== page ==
public GameObject spriteLogo;
public AudioClip audioLogo;

/* 
 * We create enums to represent the 
 * unique ids of the different states.
 */
public enum SplashStates
{
    FADE_IN = 0,
    PLAY_AUDIO,
    FADE_OUT,
}

private FSM m_fsm = new FSM();

// Start is called before the first frame update
void Start()
{
    /*
     * Create the three states and add
     * to the fsm.
     */


    /* Set the current state (initial state)
     * of the FSM.
     */
}

// Update is called once per frame
void Update()
{
    /*
     * We call the FSM update here
     */
    if(m_fsm != null)
    {
        m_fsm.Update();
    }
}

We will also add one more function which will be called when the FSM exits. Typically this will be handled by your game by either loading a new scene or to show some UI. For us, we will put up a Debug.Log.

/*
 * Exit function to handle the end of the FSM.
 */
public void Exit()
{
    Debug.Log("Splash screen with FSM has exited.");
    m_fsm = null;
}

Well, we are almost done. Now, all we need are the actual states. Let’s implement them.

FadeIn and FadeOut States

Both these states have similar functionality which is to change the opacity of the sprite. In FadeIn we will go from 0 (completely transparent) to 1 (completely opaque) in a certain duration of time whereas in FadeOut we will go from 1 to 0 in another duration of time. So both these states can be represented by one class.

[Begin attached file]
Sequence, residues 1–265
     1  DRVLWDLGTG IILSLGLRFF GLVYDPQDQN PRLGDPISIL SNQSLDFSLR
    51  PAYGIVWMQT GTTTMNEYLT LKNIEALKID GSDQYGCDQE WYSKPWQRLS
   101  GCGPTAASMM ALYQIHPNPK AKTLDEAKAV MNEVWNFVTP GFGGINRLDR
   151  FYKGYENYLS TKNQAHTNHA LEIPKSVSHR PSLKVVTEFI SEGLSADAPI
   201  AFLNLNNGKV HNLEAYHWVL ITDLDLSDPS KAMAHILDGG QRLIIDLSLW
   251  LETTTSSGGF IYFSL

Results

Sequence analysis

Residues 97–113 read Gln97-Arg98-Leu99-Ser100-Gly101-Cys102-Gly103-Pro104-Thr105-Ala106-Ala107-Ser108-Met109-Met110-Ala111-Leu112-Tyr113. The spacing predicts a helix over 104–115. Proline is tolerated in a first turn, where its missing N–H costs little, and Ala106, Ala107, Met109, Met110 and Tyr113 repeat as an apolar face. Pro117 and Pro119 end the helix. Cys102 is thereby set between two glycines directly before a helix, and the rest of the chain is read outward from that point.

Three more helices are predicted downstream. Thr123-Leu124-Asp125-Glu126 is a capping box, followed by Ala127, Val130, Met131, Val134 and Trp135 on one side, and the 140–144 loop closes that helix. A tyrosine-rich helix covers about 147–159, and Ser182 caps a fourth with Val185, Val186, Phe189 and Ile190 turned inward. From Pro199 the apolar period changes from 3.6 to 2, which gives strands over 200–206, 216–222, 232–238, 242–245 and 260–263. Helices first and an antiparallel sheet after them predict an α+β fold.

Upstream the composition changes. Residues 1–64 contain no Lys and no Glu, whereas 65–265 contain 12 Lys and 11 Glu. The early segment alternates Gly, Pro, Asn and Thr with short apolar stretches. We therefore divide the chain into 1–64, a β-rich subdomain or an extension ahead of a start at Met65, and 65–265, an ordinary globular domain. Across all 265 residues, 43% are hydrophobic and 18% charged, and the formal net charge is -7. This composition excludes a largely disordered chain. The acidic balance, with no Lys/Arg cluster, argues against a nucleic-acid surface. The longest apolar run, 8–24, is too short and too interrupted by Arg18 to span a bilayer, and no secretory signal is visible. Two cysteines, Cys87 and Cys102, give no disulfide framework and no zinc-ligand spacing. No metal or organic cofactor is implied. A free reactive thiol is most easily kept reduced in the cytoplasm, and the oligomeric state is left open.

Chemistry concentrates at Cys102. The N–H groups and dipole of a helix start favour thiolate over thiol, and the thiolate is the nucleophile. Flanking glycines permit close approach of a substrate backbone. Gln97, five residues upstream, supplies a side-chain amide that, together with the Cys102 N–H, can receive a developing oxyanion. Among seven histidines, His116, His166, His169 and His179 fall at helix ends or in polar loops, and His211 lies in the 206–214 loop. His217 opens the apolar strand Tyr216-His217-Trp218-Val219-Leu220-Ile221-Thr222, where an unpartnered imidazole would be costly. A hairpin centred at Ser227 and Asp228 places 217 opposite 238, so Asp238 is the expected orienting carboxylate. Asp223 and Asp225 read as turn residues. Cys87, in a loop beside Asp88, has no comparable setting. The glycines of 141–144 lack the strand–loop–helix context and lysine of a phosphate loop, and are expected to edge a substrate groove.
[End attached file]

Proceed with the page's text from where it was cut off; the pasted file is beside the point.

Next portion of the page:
using System.Collections;
using System.Collections.Generic;
using UnityEngine;
using Patterns;

public class Fade : State
{
    public float Duration { get; set; } = 2.0f;

    private float deltaTime = 0.0f;
    private FadeType m_fadeType;
    private SpriteRenderer m_spriteRenderer;
    private SplashScreen m_splash;

    public enum FadeType
    {
        FADE_IN,
        FADE_OUT,
    }

    public Fade(FSM fsm, SplashScreen splash, FadeType fadeType = FadeType.FADE_IN) : base(fsm)
    {
        m_splash = splash;
        m_spriteRenderer = splash.spriteLogo.GetComponent<SpriteRenderer>();
        m_fadeType = fadeType;
    }

    public override void Enter()
    {
        deltaTime = Time.deltaTime;
        base.Enter();